Also available at ISNA’s online bookstore is “More in Common Than You Think” by William Baker, who is only well-known to radical Muslims and neo-Nazis.  According to a lengthy investigative piece in Orange County Weekly, Baker in 1984 was chairman of the Populist Party, which was “established and directed by Willis Carto, head of the now-defunct Liberty Lobby. …Carto also founded the Costa Mesa-based Institute for Historical Review, a group whose central purpose is Holocaust denial.”  Seven months after the article was published, Baker was a panelist at the same ISNA annual conference in September 2002 where Siddiqi and others denied al Qaeda’s perpetration of 9/11. 

When asked about much of the above, State spokesman Clay seemed uninterested.  He first argued that Hughes’ appearance was no big deal, since the Departments of Justice and Homeland Security were also sending representatives.  But DHS and DOJ sent low-level department lawyers who are neither principals nor political appointees.  Not the same thing as sending someone who’s logged countless hours by the President’s side.

Clay also defended the appearance before ISNA by noting, “They do not support terrorism.”  Except when they do.  In a January 2000 press release, ISNA declared, “In order to honor the Shaheeds and the Mujahideen of Chechnia, ISNA has decided to dedicate Shawwal 1, 1420, the day of Eid al Fitr as ‘Solidarity with Chechnia Day’ throughout North America.”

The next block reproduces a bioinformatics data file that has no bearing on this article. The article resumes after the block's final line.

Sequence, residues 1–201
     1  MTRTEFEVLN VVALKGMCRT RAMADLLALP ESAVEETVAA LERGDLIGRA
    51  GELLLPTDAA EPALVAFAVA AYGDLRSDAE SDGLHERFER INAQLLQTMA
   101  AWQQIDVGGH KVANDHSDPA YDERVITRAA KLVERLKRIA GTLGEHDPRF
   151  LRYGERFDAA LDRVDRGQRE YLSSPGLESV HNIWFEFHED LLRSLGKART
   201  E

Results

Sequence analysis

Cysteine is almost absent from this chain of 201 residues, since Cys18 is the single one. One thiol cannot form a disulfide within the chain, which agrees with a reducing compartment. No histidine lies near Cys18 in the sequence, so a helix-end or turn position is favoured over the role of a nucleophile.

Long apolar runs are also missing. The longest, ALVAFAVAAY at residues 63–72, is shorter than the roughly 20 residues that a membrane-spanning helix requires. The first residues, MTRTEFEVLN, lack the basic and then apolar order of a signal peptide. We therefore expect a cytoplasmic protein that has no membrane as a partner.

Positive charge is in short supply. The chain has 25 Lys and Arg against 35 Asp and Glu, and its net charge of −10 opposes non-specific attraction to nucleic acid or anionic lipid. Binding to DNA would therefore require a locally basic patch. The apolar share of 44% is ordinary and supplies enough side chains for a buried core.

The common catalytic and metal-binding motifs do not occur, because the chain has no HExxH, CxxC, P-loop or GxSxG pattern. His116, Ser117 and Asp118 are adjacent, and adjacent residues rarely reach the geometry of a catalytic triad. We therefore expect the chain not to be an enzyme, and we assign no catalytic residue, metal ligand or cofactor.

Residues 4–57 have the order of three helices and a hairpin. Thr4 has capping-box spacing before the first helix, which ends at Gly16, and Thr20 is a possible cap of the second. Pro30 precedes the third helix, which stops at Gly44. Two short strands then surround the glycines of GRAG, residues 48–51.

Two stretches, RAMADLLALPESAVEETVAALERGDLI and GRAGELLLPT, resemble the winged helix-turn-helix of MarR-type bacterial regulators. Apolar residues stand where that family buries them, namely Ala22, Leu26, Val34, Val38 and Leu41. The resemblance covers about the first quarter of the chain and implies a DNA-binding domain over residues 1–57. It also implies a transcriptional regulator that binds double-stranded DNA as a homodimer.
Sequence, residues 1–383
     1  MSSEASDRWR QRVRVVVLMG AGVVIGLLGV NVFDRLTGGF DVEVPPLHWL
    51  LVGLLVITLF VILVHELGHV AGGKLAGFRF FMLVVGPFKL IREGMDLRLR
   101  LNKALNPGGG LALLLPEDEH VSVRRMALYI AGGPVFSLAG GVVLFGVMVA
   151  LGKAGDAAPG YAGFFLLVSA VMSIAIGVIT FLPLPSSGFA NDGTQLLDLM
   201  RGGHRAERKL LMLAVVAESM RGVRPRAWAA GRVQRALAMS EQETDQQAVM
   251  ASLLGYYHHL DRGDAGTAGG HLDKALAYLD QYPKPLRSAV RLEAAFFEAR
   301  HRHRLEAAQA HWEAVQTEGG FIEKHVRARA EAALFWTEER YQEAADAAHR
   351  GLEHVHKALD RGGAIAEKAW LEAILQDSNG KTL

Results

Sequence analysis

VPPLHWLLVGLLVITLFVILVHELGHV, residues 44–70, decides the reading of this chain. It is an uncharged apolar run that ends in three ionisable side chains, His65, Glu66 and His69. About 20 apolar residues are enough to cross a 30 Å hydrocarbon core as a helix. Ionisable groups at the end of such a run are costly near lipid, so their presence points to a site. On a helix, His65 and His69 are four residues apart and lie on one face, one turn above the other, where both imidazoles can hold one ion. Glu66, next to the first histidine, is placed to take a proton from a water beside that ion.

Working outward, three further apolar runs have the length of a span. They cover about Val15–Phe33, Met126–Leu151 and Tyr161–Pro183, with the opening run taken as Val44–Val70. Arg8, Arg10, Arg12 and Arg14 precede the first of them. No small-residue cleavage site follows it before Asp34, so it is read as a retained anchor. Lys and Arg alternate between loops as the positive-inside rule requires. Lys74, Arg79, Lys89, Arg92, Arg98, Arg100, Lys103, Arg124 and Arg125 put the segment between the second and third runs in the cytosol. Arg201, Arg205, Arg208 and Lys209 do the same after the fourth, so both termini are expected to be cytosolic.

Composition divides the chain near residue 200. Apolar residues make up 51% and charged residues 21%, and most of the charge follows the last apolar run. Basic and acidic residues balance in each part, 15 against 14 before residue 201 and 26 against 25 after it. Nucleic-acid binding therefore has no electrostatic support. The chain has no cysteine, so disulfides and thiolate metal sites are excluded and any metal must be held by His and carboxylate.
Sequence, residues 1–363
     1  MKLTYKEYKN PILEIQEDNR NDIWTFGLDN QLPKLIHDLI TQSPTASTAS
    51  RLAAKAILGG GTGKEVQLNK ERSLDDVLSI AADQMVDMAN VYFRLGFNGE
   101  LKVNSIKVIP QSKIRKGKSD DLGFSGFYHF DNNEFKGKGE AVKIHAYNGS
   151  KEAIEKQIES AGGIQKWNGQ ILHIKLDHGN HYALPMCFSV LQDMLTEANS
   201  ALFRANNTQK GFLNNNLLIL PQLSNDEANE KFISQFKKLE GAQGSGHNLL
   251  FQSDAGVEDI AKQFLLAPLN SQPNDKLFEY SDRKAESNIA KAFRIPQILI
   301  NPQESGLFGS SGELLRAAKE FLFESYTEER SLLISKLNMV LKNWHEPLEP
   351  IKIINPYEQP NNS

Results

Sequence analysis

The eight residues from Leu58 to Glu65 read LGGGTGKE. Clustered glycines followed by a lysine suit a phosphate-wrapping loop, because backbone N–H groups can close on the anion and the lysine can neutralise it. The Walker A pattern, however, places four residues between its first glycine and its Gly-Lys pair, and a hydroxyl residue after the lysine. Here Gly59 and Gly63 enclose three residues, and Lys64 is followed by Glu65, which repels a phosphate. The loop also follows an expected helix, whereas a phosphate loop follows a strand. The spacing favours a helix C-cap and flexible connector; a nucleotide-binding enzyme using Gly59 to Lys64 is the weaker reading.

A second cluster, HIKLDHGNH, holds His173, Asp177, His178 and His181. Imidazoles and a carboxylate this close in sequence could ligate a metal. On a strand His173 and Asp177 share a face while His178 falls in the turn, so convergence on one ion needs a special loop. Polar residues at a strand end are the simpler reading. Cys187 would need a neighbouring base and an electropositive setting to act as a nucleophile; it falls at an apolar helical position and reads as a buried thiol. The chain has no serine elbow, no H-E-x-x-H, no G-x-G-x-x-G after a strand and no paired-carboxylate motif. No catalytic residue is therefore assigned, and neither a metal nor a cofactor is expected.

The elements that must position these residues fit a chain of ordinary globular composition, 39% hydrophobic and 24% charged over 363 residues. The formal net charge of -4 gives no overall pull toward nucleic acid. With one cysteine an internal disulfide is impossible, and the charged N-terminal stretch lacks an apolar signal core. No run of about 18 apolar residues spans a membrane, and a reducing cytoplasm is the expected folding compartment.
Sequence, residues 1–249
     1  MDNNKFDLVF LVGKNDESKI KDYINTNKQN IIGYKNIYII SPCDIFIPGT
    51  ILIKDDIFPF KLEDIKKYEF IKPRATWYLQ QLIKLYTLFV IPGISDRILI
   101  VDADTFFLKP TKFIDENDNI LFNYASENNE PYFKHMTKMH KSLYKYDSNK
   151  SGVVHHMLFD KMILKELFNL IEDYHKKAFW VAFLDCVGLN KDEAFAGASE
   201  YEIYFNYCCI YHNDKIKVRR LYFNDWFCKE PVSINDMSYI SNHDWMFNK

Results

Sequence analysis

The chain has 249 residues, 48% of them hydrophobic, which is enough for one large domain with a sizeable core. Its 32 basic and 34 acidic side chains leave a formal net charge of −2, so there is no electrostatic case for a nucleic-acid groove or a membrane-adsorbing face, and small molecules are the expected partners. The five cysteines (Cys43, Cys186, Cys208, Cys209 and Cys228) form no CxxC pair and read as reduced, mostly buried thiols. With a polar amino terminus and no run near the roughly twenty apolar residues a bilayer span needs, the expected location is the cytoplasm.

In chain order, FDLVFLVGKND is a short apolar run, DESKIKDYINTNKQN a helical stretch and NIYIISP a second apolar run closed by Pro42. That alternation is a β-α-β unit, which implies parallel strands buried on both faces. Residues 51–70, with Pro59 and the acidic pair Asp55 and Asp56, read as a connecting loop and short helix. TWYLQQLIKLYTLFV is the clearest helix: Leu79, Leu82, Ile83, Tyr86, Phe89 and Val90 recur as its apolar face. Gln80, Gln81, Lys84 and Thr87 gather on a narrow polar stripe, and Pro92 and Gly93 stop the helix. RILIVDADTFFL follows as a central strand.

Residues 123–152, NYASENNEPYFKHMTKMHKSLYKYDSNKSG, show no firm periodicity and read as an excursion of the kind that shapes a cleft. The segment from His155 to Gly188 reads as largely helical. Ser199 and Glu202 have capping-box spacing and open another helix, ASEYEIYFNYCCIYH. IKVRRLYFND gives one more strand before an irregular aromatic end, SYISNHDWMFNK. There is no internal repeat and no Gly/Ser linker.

“Shaheeds” is the term used by jihadists for glorification of suicide bombers.  U.S. law officials think that the “shaheeds” and “Mujahideen” in Chechnya are terrorists; many of the most high-profile terror cases since 9/11 have involved support for those forces.

Even giving Clay the benefit of the doubt that he did not know of the Chechnya statement, is lack of support for terrorism the only bar which an organization must clear? 

Administration officials—particularly someone of Hughes’ prominence—should embrace the organizations fighting the Saudi takeover of Islam in America, not the group perhaps most responsible for perpetrating that very takeover.

Spun off of the Saudi-created and funded Muslim Students Association (MSA) over 20 years ago, ISNA is likely the largest single provider of Islamic materials to mosques in America.

For a sampling of what might be contained in Saudi-sponsored pamphlets and literature, one need look no further than the Freedom House report issued earlier this year.  Using Muslim volunteers to gather Saudi-published or sponsored materials in more than a dozen prominent mosques across the country, Freedom House found shocking intolerance, anti-Semitism, and even explicit endorsement of violence.

Though the Freedom House report does not specify if ISNA was responsible for funneling any of the most offensive literature into mosques, ISNA’s own track record suggests that it would do so willingly.

Given that it is highly unlikely Hughes knew exactly what she was walking into, she deserves the benefit of the doubt—this time.

But if groups like ISNA keep getting courted, the question must be asked: Is this embrace happening out of ignorance or out of some cunning—and dangerous—strategy?